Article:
Top 10 reasons drivers fail their MOT tests unveiled amid surge in demand

MOT: Quick checks to do before having your test

Experts have unveiled the top 10 reasons why motorists fail their MOT tests amid fears of a garage surge this autumn.

Insurance specialists at One Sure Insurance made the revelation after analysing data from the Driver and Vehicle Standards Agency (DVSA).

The research revealed that problems arising with lamps, reflectors and electrical equipment were the most popular reasons cars didn’t make the grade.

These issues accounted for more than a quarter (26.1 percent) of total motoring defects and 11.9 percent of test failures.

Suspension issues were the second most popular reason with 19 percent of total vehicle defects and nine percent of failures.

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Car brakes accounted for 15.9 percent of defects and were noticed in 6.9 percent of all tests while tyres were responsible for 6.4 percent of failures.

Rounding out the top five were visibility issues with 7.9 percent of defects and 4.9 percent of test failures coming from this category.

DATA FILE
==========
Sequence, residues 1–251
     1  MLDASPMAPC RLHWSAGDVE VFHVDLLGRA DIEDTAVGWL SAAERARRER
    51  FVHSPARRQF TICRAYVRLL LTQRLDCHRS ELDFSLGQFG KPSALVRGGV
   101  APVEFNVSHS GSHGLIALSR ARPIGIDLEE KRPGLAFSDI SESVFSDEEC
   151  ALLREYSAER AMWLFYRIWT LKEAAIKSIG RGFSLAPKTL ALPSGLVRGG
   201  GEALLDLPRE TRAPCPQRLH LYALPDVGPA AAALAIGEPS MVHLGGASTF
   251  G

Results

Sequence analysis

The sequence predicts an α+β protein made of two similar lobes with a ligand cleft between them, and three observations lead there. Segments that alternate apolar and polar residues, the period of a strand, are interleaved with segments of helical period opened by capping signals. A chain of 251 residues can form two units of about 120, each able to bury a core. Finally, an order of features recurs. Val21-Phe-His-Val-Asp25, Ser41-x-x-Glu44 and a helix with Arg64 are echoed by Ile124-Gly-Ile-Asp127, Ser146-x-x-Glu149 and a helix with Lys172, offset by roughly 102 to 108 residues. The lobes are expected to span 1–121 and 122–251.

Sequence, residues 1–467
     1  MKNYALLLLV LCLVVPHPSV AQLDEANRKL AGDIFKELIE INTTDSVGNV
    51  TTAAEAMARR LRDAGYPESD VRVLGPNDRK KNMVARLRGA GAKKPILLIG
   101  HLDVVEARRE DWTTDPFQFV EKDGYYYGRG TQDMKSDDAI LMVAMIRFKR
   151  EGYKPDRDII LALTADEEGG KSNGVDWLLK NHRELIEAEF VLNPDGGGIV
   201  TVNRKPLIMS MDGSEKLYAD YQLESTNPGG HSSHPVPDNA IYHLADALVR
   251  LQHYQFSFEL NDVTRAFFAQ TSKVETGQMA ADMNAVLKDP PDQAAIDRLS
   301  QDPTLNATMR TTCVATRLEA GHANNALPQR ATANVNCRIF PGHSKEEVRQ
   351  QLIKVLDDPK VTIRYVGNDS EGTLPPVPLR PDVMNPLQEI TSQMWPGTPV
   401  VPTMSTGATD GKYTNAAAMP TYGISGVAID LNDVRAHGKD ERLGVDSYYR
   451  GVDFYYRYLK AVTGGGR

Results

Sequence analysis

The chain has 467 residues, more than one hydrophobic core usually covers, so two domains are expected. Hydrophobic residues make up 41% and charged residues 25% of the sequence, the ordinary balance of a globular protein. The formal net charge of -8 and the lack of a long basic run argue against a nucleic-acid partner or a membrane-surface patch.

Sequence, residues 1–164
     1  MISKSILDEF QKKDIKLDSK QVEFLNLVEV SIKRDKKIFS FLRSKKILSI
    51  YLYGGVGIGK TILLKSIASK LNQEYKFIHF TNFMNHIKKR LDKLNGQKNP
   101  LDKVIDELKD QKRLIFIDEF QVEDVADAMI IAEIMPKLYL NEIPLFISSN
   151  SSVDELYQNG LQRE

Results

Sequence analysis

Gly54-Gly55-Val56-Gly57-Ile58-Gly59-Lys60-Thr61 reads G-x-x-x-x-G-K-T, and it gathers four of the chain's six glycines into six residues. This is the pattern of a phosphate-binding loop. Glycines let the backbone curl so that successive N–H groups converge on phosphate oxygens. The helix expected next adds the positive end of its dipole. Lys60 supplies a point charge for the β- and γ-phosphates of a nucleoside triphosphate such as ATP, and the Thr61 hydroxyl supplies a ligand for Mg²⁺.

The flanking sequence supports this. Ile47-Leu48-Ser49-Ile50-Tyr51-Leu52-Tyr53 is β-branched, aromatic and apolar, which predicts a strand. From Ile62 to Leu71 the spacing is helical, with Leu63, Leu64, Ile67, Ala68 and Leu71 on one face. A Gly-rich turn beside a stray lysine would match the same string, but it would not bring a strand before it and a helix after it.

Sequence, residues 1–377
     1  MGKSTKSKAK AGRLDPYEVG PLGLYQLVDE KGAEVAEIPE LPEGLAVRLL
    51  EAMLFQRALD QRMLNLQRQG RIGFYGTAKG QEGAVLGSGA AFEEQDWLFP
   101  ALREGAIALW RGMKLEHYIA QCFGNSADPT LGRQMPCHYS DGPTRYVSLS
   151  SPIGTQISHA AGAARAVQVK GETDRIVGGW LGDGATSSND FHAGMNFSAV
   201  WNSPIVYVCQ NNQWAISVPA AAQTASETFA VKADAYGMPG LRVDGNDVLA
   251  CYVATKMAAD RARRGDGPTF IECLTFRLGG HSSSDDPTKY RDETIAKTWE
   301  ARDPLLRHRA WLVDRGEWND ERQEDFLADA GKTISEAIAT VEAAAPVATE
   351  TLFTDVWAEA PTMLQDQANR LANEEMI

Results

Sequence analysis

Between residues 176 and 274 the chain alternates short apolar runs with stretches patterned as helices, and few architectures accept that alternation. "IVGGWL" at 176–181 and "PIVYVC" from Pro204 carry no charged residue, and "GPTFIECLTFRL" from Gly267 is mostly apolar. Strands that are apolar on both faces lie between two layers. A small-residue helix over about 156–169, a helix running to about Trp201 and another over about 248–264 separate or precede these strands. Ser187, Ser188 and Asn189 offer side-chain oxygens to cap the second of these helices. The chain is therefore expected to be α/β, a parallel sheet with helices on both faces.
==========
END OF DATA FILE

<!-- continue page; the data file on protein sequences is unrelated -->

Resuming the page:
Motorists have been urged to be especially vigilant as temperatures drop with more road users likely to miss the MOT mark.

Data shows that almost a third (29 percent) of cars do not pass their winter MOT test with around 2.5 issues detected per vehicle.

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Body, chassis, and structure problems were seen in 6.6 percent of motoring exams while noise, emissions and leaks were picked up 5.7 percent of the time.

Steering problems were next with 3.1 percent of all MOT failures down to this simple complaint.

Seat belts and identification of the vehicle finished up the top 10 with the defect noted in 1.8 percent and 0.7 percent of all tests respectively.

The warning comes amid concerns there will be a surge in demand for MOTs this autumn.

It is expected almost 10 million vehicles will need an MOT test between September, October and November but this should subside by December.

This was partly caused by decisions made at the start of the coronavirus pandemic almost four years ago.

Motorists at the time were issued a six-month extension on an MOT test which meant many vehicles which used to expire in the spring are now due in the autumn.

This period is usually busy due to the launch of the latest car number plates every September which drives up demand for new models.

Top 10 MOT failures 

1. Lamps, reflectors and electrical equipment

2. Suspension

3. Brakes

4. Tyres

5. Visibility

6. Body, chassis and structure

7. Noise, emissions and leaks

8. Steering

9. Seat belts and supplementary restraint systems

10. Identification of the vehicle

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